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The very first Hill House Tour is scheduled for Sunday, June 24, from 1 p.m. to 5 p.m.

The tour will showcase 12 homes on The Hill, representing various construction styles – shotgun, bungalow and new construction – that have been renovated, updated, improved and new-built to meet the needs of today’s families. In addition, the tour will feature a number of venerable properties which have been renovated and repurposed for new uses. Among these are the former Columbia Theater, completely gutted and redone as a fabulous residence and Arts Foundation, the former Big Club Hall, which now serves as studio space for photographers and videographers, Gaslight, an old building turned cocktail-bar with recording studios and Oliva, another old brick building reborn as an elegant event venue with a delightful attached patio.

Tickets will go on sale online on May 14, 2018. Website details will be announced later. Tickets may also be purchased in person at the Hill Neighborhood Center, 1935 Marconi Avenue, which is open Thursday, Friday and Saturday of each week from 10 a.m. to 3 p.m. Cash and checks only will be accepted at the Center. Advance tickets will be $20.00 each. Tickets purchased the day of the event will be $25.00. Ticket sales may be limited. Receipts should be presented the day of the tour at the Center or other designated location where the purchaser will be presented with a tour book that will serve as admission to the tour locations.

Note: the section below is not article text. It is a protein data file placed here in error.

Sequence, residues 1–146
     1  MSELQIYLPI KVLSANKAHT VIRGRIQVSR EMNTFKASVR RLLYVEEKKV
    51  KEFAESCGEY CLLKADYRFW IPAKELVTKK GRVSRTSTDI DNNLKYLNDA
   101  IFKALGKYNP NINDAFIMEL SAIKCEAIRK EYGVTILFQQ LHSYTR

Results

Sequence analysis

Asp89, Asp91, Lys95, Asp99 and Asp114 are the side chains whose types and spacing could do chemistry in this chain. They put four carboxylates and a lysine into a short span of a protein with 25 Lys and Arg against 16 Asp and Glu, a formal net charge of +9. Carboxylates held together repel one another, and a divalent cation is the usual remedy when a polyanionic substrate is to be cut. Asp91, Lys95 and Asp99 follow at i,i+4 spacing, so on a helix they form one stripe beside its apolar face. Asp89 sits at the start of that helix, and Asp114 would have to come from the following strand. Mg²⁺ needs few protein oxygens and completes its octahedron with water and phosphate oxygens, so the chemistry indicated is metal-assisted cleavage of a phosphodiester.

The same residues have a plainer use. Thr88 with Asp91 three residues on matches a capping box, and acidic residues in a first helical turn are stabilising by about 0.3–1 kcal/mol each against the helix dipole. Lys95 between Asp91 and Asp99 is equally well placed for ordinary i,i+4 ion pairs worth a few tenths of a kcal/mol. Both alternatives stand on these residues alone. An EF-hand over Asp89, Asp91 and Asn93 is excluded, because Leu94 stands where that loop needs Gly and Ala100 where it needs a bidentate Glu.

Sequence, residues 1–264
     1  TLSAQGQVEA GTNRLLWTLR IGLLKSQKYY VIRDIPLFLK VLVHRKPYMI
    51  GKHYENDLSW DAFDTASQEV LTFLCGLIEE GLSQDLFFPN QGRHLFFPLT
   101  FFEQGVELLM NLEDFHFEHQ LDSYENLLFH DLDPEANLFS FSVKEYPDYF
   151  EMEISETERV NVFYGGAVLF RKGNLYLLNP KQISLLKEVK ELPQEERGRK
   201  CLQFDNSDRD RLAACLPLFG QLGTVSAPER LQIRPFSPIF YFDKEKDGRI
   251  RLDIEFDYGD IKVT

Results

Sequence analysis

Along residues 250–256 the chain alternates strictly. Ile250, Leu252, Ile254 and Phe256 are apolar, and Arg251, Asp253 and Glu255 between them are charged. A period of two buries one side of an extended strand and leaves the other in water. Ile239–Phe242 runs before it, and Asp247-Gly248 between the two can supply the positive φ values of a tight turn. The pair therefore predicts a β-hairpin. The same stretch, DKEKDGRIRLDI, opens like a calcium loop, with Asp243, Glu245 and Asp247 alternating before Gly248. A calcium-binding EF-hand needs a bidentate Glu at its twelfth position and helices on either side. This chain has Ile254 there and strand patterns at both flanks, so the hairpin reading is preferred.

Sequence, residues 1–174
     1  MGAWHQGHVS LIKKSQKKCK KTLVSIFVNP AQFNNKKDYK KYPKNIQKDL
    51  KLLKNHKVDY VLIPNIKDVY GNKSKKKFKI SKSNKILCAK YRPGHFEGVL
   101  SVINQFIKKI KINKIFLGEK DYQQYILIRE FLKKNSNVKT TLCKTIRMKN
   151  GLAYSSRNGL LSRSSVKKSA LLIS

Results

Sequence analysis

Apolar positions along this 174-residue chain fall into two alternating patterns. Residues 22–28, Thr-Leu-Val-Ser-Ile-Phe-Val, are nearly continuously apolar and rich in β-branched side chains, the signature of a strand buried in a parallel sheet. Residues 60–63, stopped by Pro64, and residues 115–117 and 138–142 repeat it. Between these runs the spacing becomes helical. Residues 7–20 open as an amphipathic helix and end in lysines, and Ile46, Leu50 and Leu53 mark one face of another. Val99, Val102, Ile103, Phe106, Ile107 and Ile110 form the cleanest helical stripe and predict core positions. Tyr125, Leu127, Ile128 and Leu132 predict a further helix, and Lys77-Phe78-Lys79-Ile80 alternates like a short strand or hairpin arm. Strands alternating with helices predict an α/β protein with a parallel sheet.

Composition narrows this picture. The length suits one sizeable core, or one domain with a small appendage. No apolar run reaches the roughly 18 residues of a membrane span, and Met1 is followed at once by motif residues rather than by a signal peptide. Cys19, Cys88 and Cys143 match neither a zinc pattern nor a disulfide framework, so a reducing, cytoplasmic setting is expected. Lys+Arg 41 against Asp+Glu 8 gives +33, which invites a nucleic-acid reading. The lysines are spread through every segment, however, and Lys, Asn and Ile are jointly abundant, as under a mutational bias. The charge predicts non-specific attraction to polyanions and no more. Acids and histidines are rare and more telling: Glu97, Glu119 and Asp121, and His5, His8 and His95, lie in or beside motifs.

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Panelle siciliane: la ricetta





Panelle is another traditional food eaten in Sicily

Panelle (ie pancake chickpea flour ) is one of the most popular dishes of the cuisine of Sicily , or rather, of Palermo.

Very easy to make, requiring the use of very few ingredients chickpea flour and vegetable oil for frying. If you wish, you can add a little ‘pepper.

Ingredients for 4 people:

– 200 grams of chickpea flour

– 1/2 liter of water

– Sunflower oil for frying

– Parsley or fennel seeds

– Salt and Pepper To Taste


In a saucepan, melt cold 200 grams of chickpeas in a pint of flour salt water , making sure that no lumps are formed. Add some ‘of pepper and put on the fire to low heat stirring constantly.

Keep on the stove for about 15 minutes, or until the dough will begin to break away from the walls of the pot.
At this point, quickly pour the mixture of chickpeas on a smooth and wet surface (such as a marble table or wood) and flatten with a knife so as to make it as thin as possible.

Let cool the dough for a few minutes, then cut into rectangles; done this, heated in an abundant seed oil frying pan and fry the fritters until they are lightly browned.

So you can eat them, or put them inside a soft bun. However, the result will be great!